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Title: What studbooks can tell us about captive breeding programmes : a case study of cheetahs (Acinonyx jubatus)
Author: Rodrigues Nogueira Forti, Isabela
ISNI:       0000 0004 7654 5955
Awarding Body: University of Salford
Current Institution: University of Salford
Date of Award: 2019
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The success of captive breeding programmes demands planning and communication among zoos, national parks, conservation organizations and political institutions. To avoid inbreeding and enhance the likelihood of finding suitable partners, target individuals may need to be transported from one institution to another to allow biological (genetic) matching. The collaboration among institutions involved with the reproduction and reintroduction of threatened species in their natural environment can be mapped and analysed by social network analyses using studbook data. The cheetah (Acinonyx jubatus), considered as vulnerable by the IUCN Red List of Threatened Species, is a species which has been participating in captive breeding programmes for relative considerable time and can be a good model of study. Although this species has a low wild population density, it has been managed for many years and still has a significant sample of individuals for population and conservation studies, both in the wild or captivity. A general bibliometric review was first conducted with the intention of examining the nature of studbook studies published from 1988 to 2016 on different animal species. Furthermore, International Cheetah Studbooks were used to extract historical data, which was then processed and analysed to investigate the relationship between the transfers of individuals and the position of captive breeding institutions in social networks. Using UCINET software, measures of centralities, density and reciprocity from the collaborative network of institutions were calculated and several maps expressing the transfers between institutions were created using Netdraw to evaluate their patterns in relation to geographical, economic and biological factors. Lastly, longevity and reproductive success were also investigated using statistical analysis such as generalized linear models (GLM) in R software (R Core Team). Results showed that groups of institutions were formed regarding the exchange of animals, and some were highly connected as geographical regions of the world (America, Europe and Africa). Longevity of cheetahs can be partially explained by factors including many transfer-related variables. Reproductive success was not significantly affected by GDP per capita or climate category from the facility location. Breeding recommendations need to be followed by institutions to maximise the conservation value of the species; this will generate genetic improvement for future reintroductions in the wild and the avoidance of extinction. In conclusion, although there is some effort in protecting and managing zoo species through studbooks, conservationists should make maximum use of such datasets to inspire the creation of new tools for the best conservation management of species which need more care and attention such as the cheetah.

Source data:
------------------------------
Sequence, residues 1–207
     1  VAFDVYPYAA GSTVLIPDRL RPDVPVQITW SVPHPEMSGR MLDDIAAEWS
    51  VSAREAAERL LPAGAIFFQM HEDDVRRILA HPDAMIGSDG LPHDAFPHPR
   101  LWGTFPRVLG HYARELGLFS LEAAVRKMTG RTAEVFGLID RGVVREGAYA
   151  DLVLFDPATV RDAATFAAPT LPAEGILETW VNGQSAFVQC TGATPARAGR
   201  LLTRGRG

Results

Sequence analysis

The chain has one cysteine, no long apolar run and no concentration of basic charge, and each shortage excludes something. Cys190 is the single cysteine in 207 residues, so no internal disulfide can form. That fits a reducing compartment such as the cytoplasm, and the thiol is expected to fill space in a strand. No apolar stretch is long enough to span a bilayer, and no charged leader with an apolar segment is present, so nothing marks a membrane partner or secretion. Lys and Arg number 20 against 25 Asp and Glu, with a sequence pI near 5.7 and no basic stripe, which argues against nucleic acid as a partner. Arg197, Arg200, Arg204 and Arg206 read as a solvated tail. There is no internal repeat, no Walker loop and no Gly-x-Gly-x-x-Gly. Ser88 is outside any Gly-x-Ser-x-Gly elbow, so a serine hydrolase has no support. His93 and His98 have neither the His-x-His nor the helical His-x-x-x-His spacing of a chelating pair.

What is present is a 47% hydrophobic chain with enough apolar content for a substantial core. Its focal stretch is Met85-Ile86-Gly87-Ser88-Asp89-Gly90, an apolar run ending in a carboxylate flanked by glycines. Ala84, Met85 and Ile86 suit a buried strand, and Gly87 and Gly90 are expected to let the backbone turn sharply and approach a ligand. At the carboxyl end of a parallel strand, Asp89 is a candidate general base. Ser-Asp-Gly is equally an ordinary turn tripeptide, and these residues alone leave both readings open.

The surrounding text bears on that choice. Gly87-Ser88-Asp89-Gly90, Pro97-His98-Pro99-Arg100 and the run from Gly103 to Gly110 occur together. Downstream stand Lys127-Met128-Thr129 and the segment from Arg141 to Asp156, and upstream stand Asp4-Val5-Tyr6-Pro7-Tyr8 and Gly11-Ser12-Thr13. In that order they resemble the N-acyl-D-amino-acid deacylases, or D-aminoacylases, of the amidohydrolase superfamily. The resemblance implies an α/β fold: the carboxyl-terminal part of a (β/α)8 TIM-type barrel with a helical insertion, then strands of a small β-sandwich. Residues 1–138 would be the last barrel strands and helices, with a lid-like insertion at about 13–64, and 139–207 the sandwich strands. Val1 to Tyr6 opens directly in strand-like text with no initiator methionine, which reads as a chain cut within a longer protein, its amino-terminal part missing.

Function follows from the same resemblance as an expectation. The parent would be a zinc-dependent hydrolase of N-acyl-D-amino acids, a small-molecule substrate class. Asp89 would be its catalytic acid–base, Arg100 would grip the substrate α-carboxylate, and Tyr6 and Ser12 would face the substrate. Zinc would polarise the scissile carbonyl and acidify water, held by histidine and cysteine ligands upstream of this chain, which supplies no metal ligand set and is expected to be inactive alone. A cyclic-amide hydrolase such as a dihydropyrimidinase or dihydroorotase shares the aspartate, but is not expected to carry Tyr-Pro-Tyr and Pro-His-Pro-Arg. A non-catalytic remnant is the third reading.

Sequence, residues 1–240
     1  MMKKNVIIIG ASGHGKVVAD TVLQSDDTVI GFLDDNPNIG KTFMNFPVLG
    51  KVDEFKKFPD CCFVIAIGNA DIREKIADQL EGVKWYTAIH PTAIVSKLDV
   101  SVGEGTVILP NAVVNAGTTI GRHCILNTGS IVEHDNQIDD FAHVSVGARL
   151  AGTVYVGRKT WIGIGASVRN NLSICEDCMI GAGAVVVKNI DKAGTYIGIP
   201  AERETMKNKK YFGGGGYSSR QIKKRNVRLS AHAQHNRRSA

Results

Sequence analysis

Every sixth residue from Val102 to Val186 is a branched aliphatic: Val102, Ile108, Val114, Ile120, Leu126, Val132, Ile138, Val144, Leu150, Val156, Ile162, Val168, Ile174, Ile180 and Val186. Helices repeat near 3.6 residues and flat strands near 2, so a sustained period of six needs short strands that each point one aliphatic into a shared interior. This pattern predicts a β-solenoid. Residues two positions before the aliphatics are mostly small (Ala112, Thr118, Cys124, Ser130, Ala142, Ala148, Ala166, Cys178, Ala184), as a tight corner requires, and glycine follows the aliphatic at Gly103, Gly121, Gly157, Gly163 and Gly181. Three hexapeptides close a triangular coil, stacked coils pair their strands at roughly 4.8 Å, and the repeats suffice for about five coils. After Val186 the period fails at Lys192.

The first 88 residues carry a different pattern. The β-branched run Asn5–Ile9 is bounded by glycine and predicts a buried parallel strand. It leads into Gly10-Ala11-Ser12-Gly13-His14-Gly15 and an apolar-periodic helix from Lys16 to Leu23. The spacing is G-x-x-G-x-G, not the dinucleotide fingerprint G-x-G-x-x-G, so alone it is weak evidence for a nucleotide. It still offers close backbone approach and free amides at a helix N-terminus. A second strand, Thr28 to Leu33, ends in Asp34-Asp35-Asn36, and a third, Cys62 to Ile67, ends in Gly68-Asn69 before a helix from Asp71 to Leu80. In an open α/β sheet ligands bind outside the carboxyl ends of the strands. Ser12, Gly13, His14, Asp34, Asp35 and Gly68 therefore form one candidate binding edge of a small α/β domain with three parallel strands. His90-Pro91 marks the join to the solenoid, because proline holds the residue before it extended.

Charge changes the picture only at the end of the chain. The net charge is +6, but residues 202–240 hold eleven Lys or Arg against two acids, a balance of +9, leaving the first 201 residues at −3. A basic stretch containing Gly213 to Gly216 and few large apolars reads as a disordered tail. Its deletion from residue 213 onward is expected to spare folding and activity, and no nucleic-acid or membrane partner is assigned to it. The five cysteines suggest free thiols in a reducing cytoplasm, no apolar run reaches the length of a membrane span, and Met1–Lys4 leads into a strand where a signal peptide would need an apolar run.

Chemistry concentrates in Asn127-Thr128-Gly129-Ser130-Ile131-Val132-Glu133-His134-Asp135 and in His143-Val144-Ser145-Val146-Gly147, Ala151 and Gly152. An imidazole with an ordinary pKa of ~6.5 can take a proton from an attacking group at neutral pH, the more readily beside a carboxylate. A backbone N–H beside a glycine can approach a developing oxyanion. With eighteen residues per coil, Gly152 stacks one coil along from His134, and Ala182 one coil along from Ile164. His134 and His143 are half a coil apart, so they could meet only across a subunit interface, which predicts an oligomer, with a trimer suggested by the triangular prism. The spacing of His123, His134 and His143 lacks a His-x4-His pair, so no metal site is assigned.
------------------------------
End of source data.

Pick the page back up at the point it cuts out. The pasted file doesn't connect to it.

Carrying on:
Supervisor: Not available Sponsor: Coordenação de Aperfeiçoamento de Pessoal de Nível Superior (CAPES)
Qualification Name: Thesis (Ph.D.) Qualification Level: Doctoral
EThOS ID:  DOI: Not available